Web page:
Another type of graph that is important in biology is the frequency distribution. For example, suppose a ratio of tail length to body length is measured for a large number of marine iguanas in a single population on an island. A frequency distribution allows the scientist to examine one experimental group in detail. Each individual is graphed, not a mean. The relationship between the mean, median, and mode of a population can then be visually presented. The horizontal axis is the observed data (ratio of tail to body length). The vertical axis would be the numbers of individuals falling into that data category. This is usually done with a bar graph. These types of graphs are useful in environmental and evolutionary studies. If enough trials are conducted, then frequency distribution can be analyzed for each change made in the independent variable.

numbers of individuals

ratio tail length to body length
In this case, it is clear that the data fall into two distinct populations, it is bimodal. These could represent age cohorts, or subspecies, or sexes. Clearly, further investigation would be necessary! This kind of graph can be illustrated to your classes by having them measure the height of everyone in the class and constructing a graph similar to that above. In this case, the mean (arithmetic average), median (mid point, 50% are greater, 50% are less) and mode (most frequent observation) can be analyzed. Extremes in a population could be error, or they can actually represent real data and the variability inherent in natural populations. To return to Janice’s experiment with tomato plants, there are many things that could have changed, but should not be allowed to change. These are constants. If a constant changes, it becomes a second independent variable and invalidates the experiment. For example, Janice’s tomato plants should all receive the same amount of water on the same schedule, the same amount of light, the same temperature, the same soil type, the same type of fertilizer, etc. They should be the same variety of tomato. A change in any of these things would be a source of error and would be a second independent variable. h) chemicals and equipment are used in a safe manner; You should refer to your county policy and/or safety contract for details. Safety cannot be strongly enough emphasized. As a practical matter, students should be prohibited from horseplay, eating or drinking anything in a lab. The most common unsafe behavior is “freelancing” in which students fool around with lab chemicals or equipment prior to receiving instructions or in contradiction to instructions. This should be emphasized even with such “safe” materials as rulers and markers. Also, it is imperative that students be given enough time for clean up at the end of lab and that they always wear goggles.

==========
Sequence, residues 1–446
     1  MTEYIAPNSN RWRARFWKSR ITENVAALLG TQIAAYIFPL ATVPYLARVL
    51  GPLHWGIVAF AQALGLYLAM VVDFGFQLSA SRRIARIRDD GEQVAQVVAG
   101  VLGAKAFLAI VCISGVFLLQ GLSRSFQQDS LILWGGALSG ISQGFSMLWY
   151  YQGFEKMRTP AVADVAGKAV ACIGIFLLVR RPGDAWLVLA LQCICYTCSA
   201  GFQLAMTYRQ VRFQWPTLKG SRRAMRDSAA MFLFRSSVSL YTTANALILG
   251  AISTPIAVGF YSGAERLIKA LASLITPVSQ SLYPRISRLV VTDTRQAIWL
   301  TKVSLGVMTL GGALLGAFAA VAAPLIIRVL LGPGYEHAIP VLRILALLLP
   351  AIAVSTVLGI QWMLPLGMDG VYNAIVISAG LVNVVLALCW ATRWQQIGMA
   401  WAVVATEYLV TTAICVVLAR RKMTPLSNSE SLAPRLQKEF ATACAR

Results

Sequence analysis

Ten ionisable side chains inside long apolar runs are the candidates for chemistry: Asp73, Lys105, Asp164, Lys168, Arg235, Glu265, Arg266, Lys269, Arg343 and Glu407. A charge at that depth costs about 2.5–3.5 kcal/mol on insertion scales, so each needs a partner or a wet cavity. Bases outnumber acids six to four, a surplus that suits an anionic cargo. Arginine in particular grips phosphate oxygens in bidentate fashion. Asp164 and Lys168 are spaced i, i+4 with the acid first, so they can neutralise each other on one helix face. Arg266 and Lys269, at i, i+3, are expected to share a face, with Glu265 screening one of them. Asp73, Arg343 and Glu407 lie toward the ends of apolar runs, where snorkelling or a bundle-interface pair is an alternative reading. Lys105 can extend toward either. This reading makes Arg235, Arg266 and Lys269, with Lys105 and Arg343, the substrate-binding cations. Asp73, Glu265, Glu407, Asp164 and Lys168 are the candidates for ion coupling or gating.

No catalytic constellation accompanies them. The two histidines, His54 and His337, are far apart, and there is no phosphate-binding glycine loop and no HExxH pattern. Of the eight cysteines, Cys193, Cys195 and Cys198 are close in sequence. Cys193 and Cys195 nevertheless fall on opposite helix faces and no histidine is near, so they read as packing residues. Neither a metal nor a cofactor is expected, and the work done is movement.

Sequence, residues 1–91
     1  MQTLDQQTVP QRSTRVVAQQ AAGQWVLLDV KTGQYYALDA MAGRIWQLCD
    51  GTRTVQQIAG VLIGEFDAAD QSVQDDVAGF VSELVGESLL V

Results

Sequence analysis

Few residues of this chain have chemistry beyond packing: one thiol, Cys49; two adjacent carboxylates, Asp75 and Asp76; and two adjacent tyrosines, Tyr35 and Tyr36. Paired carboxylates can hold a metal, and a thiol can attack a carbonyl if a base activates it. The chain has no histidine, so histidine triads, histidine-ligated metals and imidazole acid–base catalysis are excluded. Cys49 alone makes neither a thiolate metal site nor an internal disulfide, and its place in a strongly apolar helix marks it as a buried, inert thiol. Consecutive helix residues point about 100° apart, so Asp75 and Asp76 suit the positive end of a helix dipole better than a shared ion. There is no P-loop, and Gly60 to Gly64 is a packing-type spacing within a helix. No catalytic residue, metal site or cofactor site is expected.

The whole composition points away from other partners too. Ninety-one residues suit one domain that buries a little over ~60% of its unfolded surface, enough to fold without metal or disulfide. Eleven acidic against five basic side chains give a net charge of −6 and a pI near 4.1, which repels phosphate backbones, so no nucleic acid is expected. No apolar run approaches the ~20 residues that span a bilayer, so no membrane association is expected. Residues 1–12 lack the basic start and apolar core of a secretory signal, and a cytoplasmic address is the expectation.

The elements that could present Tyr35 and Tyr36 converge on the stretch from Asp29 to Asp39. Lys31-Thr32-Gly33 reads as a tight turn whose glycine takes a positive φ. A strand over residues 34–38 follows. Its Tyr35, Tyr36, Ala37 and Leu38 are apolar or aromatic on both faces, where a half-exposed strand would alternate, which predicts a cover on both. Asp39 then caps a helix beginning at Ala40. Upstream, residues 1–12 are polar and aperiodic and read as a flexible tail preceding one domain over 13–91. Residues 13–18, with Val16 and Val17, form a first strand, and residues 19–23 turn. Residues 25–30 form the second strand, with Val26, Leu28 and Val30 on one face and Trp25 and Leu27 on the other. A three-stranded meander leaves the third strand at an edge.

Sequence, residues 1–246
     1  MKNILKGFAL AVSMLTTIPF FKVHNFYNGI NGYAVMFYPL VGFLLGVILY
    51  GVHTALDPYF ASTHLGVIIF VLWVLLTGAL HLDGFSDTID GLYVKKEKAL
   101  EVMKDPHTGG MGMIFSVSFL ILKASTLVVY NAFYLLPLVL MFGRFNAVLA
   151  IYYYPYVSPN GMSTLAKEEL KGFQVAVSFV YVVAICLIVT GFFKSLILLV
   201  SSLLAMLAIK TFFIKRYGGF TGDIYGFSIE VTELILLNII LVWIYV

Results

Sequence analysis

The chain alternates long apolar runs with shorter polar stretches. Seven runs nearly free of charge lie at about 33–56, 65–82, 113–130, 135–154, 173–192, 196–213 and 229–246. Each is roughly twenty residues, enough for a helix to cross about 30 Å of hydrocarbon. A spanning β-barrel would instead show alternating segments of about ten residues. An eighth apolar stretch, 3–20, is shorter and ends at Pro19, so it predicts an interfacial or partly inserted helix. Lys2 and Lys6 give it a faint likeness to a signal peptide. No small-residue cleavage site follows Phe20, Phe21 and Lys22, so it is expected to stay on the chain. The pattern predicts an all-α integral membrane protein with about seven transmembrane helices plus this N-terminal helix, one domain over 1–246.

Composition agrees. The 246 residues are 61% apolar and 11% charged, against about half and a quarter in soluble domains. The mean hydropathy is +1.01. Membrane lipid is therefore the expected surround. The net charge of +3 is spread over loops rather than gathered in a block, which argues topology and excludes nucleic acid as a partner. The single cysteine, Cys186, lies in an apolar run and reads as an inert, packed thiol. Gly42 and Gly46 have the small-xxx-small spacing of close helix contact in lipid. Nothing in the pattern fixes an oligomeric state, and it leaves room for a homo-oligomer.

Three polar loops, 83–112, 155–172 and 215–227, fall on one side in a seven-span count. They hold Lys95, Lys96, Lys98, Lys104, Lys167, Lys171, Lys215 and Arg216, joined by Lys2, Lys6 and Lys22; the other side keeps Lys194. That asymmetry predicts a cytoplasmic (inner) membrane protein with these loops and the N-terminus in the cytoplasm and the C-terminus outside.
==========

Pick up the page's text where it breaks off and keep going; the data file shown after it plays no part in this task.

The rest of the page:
i) appropriate technology including computers, graphing calculators, and probeware, is used for gathering and analyzing data and communicating results; j) research utilizes scientific literature; These are beyond the scope of this course. k) differentiation is made between a scientific hypothesis and a theory; A hypothesis is a specific educated guess as to the outcome of a given experiment. As such it is tested and accepted or rejected on the basis of that experiment. A theory is the highest form of scientific thought. It is an all encompassing idea which has stood the test of time. It has always been substantiated in lengthy and varied research projects. It unifies and explains many, many observations. When we refer to the theory of evolution, we are saying this is a unifying concept in biology and practically every line of investigation in biology can be brought back to evolution. To say that evolution is “just a theory” is totally misleading and indicates a lack of understanding of the concept of a theory. Theories are the work of many individuals over long periods of time. They can be modified and extended as more information becomes available, but usually remain close to the original formulation. As a science matures, unifying theories are developed. In earth science, the theory of plate tectonics is similar in scope to the theory of evolution in biology. l) alternative scientific explanations and models are recognized and analyzed; and m) a scientific viewpoint is constructed and defended (the nature of science). These are met through examination of specific content areas in biology and specific lab activities. http://nemo.sciencecourseware.org/BLOL/ A series of inquiry based biology lessons. Data are simulated and interpreted on a variety of subjects. Great for data interpretation. After reviewing material in your textbook, go to the file labeled BIO.1 Review Response and open it in Word. Type your answers below each question and make them a distinctive readable color or font. E-mail this file as an attachment word document to the address provided in the introduction and please keep your answers succinct.

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 views: 29 posted: 11/29/2009 language: English pages: 5